The Boundary Rider

THE BRIDLE reins hang loose in the hold of his lean left hand;
As the tether gives, the horse bends browsing down to the sand,
On the pommel the right hand rests with a smoking briar black,
Whose thin rings rise and break as he gazes from the track.

Already the sun is aslope, high still in a pale hot sky,
And the afternoon is fierce, in its glare the wide plains lie
Empty as heaven and silent, smit with a vast despair,
The face of a Titan bound, for whom is no hope nor care.

Hoar are its leagues of bush, and tawny brown is its soil,
In that immensity lost are human effort and toil,
A few scattered sheep in the scrub hardly themselves to be seen;
One man in the wilderness lone; beside, a primaeval scene.

Firm and upright in his saddle as a soldier upon parade,
Yet graceful too is his seat, for Nature this horseman made;
From childhood a fearless rider, now like a centaur he,
And half of his strength is gone when he jumps from the saddle-tree.

Back from his sweat-wet hair his felt is carelessly placed,
Handkerchief at his throat, sagging shirt round a lank firm waist;
True to the set of strong loins the belted moleskins are tight,
Plain from forehead to stirrup a virile vigour in sight.

Yet scarce more than a boy, but the long blaze not more sure
Has left on the countenance spare a hue that shall ever endure,
Than the life of the plains has set reliance and courage there,
Constancy, manliness frank in a young face debonair.

He should be no less who rides for ever each spacious bound,
Better than human speech he knows the desert around.
He journeys from dawn to dusk, and always he rides alone,
The hue of the wilderness takes, as his mind its monotone.

He hears the infrequent cries, shrieking or hoarse and slow,
Sheep bleating, the minah’s scream, the monologue of the crow;
He rides in a manless land, and in leagues of the salt-bush plain,
Seeks day after day for change, and seeks it ever in vain.

In his hands his life each morn as he swings to his leathern seat,
Woe to him if he falls where as water the plain sucks heat,
Alone in a vast still tomb, cruel and loth to spare,
Death waits for each sense and slays whilst the doomed wretch feels despair.

A Riverina Road

Now while so many turn with love and longing
   To wan lands lying in the grey North Sea,
To thee we turn, hearts, mem'ries, all belonging,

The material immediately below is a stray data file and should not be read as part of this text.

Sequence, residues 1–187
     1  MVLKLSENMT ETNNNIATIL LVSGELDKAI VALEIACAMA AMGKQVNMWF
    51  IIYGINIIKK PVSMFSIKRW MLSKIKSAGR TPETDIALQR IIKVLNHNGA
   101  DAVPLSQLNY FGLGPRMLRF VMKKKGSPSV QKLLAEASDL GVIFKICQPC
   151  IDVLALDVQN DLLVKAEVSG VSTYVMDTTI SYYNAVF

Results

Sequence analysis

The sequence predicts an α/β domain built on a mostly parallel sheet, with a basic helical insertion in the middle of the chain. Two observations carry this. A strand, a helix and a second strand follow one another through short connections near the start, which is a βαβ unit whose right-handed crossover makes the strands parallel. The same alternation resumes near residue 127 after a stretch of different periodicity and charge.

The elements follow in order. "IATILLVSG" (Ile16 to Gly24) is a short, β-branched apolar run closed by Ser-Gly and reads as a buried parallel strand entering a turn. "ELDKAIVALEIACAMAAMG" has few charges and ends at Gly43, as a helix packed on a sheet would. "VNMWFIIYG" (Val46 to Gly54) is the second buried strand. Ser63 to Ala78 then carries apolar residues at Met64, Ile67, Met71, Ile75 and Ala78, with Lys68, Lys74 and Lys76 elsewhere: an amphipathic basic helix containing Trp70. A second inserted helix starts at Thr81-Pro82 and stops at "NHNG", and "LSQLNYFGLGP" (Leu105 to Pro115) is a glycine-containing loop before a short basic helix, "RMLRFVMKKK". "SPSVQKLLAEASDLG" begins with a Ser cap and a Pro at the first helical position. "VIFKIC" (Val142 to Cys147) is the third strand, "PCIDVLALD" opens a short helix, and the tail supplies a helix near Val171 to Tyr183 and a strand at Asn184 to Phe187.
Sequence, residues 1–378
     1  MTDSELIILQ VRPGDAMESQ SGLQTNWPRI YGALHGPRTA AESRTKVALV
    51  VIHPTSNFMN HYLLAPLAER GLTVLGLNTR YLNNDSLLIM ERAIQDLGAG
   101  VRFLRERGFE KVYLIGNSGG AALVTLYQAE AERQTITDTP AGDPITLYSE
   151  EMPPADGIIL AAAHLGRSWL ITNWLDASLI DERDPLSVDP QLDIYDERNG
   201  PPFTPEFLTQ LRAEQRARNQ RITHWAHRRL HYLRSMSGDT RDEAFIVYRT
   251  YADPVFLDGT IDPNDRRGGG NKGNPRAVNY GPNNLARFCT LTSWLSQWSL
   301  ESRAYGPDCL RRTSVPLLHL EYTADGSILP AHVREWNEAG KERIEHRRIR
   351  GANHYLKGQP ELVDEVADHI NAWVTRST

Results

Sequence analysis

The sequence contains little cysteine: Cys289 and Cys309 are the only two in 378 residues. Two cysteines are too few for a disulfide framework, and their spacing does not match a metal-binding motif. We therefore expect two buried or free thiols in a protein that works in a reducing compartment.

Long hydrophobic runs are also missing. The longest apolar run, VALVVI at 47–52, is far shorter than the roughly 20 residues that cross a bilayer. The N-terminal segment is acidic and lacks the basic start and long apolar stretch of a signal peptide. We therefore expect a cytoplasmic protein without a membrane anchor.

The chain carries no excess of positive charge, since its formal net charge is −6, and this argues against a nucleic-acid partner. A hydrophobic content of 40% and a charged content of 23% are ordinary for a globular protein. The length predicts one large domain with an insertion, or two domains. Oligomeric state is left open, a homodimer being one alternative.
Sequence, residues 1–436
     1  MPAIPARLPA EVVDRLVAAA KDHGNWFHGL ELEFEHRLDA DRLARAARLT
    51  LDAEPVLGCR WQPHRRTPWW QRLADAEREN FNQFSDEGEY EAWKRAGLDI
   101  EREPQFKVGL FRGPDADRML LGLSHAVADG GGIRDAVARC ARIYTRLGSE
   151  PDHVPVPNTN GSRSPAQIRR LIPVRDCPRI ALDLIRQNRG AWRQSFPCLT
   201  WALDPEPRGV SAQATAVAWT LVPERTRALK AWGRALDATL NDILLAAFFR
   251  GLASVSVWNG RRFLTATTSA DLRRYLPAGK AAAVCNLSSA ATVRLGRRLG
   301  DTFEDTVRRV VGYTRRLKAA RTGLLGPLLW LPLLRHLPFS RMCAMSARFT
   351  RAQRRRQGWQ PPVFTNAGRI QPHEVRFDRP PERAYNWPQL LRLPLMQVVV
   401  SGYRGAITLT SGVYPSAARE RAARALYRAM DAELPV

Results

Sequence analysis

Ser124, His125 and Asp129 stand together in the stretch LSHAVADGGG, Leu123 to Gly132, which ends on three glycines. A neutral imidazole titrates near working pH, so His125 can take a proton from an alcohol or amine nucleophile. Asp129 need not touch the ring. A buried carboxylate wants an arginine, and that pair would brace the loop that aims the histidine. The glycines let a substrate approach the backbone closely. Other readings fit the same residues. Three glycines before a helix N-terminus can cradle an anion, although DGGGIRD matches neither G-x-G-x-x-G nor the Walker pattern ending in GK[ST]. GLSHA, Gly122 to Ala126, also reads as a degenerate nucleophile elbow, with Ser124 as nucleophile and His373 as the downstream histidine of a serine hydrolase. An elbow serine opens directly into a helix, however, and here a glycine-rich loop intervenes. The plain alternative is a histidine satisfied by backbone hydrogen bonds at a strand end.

Dear land of ours, to thee.

West, ever west, with the strong sunshine marching
   Beyond the mountains, far from this soft coast,
Until we almost see the great plains arching,
   In endless mirage lost.

A land of camps where seldom is sojourning,
   Where men like the dim fathers of our race,
Halt for a time, and next day, unreturning,
   Fare ever on apace.

Last night how many a leaping blaze affrighted
   The wailing birds of passage in their file;
And dawn sees ashes dead and embers whited
   Where men had dwelt awhile.

The sun may burn, the mirage shift and vanish
   And fade and glare by turns along the sky;
The haze of heat may all the distance banish
   To the uncaring eye.

By speech, or tongue of bird or brute, unbroken
   Silence may brood upon the lifeless plain,
Nor any sign, far off or near, betoken
   Man in this vast domain.

Though tender grace the landscape lacks, too spacious,
   Impassive, silent, lonely, to be fair,
Their kindness swiftly comes more soft and gracious,
   Who live or tarry there.

All that he has, in camp or homestead, proffers
   To stranger guest at once a stranger host,
Proudest to see accepted what he offers,
   Given without a boast.

Pass, if you can, the drover's cattle stringing
   Along the miles of the wide travelled road,
Without a challenge through the hot dust ringing,
   Kind though abrupt the mode.

A cloud of dust where polish'd wheels are flashing
   Passes along, and in it rolls the mail.
Comes from the box as on the coach goes dashing
   The lonely driver's hail.

Or in the track a station youngster mounted
   Sits in his saddle smoking for a "spell",
Rides a while onward; then, his news recounted,
   Parts with a brief farewell.

To-day these plains may seem a face defiant,
   Turn'd to a mortal foe, yet scorning fear;
As when, with heaven at war, an Earth-born giant
   Saw the Olympian near.

Come yet again! No child's fair face is sweeter
   With young delight than this cool blooming land,
Silent no more, for songs than wings are fleeter,
   No blaze, but sunshine bland.

Thus in her likeness that strange nature moulding
   Makes man as moody, sad and savage too;
Yet in his heart, like her, a passion holding,
   Unselfish, kind and true.

Therefore, while many turn with love and longing
   To wan lands lying on the grey North Sea,
To-day possessed by other mem'ries thronging
   We turn, wild West, to thee!

23rd December, 1891.